In his Dissertation Concerning the End for which God Created the World (which you can read for free HERE), Jonathan Edwards makes some logical distinctions about desire. This relates to God’s purposes in creating the world. It’s also helpful in understanding our own desires. I’ve written in the past HERE about his fountain analogy for creation. But in this post I’m going to summarize Edwards’ idea of ‘ends.’ The qualifications he make about our different types of desires have been helpful for me in understanding the Bible and my own motivations.
There are two reasons to desire something: (1) You desire a thing for its own sake or (2) you desire it for the sake of something else (as a means to a further end).
Under the heading of “desiring something for it’s own sake,” Edwards uses the terms “chief end” and “ultimate end.” What are they?:
Chief End: The absolute highest purpose; the thing most valued in and of itself. A person can have only one chief end.
Ultimate End: Something sought for its own sake. A person can have multiple ultimate ends and various levels of desire relating to them. An ultimate end is not necessarily a chief end.
When distinguishing between a more desired ultimate end and a less desired ultimate end, Edwards uses the phrase Inferior End.
Inferior (Ultimate) End: The lesser valued of two or more ultimate ends
He calls things desired not for their own sake but for the sake of something else (as means to an end) “subordinate ends.”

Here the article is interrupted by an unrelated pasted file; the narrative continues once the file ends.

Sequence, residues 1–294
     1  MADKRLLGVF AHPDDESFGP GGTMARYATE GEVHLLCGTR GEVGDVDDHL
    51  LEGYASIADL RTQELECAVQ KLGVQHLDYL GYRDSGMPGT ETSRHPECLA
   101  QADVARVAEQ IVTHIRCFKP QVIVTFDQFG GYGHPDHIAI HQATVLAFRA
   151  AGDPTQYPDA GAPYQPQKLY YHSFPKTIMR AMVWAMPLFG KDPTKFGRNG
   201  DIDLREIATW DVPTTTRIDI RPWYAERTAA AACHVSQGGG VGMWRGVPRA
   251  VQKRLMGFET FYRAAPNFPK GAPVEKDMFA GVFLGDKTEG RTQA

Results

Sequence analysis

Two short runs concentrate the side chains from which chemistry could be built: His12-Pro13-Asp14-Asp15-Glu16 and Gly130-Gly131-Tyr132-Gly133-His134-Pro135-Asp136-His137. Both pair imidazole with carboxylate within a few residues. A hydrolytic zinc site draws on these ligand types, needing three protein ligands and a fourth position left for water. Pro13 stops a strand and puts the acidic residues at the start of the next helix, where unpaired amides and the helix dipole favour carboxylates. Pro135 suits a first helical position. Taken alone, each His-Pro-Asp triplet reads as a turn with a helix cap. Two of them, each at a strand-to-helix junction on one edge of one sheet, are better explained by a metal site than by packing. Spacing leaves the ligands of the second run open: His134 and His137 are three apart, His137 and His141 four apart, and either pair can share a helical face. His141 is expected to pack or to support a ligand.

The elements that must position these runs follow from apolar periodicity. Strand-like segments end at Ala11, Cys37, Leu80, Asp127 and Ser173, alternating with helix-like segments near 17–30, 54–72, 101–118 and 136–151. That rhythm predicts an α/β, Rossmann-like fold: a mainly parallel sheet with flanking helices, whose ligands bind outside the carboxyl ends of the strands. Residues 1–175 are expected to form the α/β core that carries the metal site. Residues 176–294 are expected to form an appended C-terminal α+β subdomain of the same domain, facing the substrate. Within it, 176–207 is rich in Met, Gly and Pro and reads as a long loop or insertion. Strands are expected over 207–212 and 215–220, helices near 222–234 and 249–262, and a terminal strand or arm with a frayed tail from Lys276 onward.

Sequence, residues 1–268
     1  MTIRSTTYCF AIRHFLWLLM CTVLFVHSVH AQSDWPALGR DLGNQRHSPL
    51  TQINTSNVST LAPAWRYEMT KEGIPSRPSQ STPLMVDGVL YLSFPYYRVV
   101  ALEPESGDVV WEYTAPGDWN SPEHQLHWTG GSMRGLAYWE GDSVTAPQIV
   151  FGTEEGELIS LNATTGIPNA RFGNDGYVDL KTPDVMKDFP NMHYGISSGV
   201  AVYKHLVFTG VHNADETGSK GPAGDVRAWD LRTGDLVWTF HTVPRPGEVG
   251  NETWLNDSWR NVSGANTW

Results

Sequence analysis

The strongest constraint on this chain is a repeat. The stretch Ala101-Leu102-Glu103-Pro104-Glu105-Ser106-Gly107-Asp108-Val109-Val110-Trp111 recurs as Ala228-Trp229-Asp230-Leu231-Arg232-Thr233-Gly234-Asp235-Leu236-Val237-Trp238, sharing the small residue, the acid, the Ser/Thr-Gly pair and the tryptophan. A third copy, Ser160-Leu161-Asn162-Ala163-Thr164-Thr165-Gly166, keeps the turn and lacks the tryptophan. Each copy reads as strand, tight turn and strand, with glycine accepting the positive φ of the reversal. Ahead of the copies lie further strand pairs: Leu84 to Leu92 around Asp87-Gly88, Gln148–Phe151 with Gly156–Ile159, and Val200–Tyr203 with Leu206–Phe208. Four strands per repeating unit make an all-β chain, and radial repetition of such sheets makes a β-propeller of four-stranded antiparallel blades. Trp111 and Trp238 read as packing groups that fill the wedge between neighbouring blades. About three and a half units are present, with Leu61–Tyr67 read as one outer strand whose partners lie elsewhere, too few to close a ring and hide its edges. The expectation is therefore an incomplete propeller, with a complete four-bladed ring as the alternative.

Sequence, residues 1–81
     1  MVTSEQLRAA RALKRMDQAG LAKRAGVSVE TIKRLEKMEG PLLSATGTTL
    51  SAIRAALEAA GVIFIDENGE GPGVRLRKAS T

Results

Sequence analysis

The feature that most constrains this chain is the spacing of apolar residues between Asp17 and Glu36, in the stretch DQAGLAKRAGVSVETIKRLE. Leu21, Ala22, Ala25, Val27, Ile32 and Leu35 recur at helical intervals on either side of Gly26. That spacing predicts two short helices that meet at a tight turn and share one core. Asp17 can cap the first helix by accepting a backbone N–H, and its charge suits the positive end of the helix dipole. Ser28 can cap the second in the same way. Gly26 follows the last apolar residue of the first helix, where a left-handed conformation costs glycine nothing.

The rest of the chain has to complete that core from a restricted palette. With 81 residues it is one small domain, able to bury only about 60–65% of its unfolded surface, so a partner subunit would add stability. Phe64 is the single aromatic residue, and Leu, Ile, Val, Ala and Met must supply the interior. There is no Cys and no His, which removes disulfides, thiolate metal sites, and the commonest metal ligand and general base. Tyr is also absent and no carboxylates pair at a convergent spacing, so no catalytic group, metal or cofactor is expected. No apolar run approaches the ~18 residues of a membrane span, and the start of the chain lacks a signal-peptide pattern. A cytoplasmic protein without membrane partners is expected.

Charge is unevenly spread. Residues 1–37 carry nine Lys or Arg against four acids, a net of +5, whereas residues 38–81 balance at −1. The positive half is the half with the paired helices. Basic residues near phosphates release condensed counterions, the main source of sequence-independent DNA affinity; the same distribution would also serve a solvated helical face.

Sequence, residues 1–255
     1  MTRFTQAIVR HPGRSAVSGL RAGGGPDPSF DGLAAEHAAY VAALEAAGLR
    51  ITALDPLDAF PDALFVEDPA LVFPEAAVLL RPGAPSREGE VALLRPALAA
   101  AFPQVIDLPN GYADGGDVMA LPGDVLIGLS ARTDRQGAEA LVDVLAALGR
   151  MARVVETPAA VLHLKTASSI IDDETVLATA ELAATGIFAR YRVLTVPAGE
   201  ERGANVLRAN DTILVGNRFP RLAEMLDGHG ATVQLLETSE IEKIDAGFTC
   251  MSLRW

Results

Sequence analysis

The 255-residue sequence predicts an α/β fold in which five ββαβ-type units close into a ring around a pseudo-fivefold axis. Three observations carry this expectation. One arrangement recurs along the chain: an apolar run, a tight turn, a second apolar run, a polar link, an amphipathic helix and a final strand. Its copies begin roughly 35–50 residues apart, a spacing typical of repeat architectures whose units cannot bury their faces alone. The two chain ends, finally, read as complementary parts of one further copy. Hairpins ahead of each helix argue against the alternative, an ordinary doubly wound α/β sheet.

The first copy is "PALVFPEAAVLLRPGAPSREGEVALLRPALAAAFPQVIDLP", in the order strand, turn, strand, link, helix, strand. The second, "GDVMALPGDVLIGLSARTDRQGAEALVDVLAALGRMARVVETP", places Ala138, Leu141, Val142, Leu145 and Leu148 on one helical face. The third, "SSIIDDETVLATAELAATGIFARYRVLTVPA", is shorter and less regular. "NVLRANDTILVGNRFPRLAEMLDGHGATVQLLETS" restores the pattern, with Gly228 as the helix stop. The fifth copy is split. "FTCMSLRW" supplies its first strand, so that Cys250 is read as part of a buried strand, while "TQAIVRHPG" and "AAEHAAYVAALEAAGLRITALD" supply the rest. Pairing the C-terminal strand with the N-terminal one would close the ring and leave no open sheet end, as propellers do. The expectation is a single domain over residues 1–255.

Subordinate End: something sought not for its own sake but for some further purpose (a means to an end)
To summarize: a chief end is desired in and of itself above all other things without qualification. An ultimate end is desired in an of itself, but only one ultimate end can be a chief end.
One person can have all sorts of ultimate ends at any given time. For example, if I take my wife out to dinner at a fancy steakhouse, I can have two ultimate ends. One is eating a steak. The other is spending time with my wife. I enjoy both things in and of themselves. Whichever I desire less is the inferior of the two ultimate ends. In order to get to the steakhouse, I have to drive for 30 minutes. Driving is a subordinate end. I don’t desire to make this drive in and of itself. I only want to do it because I want to get to the steakhouse.
That leaves the chief end. What’s my chief end in all this? The Westminster Shorter Catechism tells us “man’s chief end is to glorify God and enjoy him forever.” This should be the chief end in everything that we do. In my driving, in my eating, and in my marriage, my desire should be to glorify and enjoy God.
The main point is that if man could look anywhere and not be confronted with the revelation of God then he could not sin in the biblical sense of the term. Sin is the breaking of the law of God. God confronts man everywhere. He cannot in the nature of the case confront man anywhere if he does not confront him everywhere. God is one; the law is one. If man could press one button on the radio of his experience and not hear the voice of God then he would always press that button and not the others. But man cannot even press the button of his own self-consciousness without hearing the requirement of God (p. 203).
This is our attempt to suppress the truth, Romans 1-style.
Christians often do the opposite. Doug Wilson made this point in a blog post years ago. He said something to the effect that Christians think they’ve found the right station. So they keep the dial tuned in to that station and that station alone. Which sounds great. Until your wife (or you) gets tired of K-Love.
A major point of our book is going to be that Romans 1 applies to Christians too. For instance, Romans 1:23 describes truth-suppressing, idol-worshiping man like this: